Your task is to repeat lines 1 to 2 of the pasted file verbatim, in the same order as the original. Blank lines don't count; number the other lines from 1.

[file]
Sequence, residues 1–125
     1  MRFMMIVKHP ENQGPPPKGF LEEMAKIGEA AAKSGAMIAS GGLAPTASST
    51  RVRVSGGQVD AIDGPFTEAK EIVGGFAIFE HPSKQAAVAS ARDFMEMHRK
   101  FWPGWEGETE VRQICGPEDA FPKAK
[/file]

Sequence, residues 1–125
     1  MRFMMIVKHP ENQGPPPKGF LEEMAKIGEA AAKSGAMIAS GGLAPTASST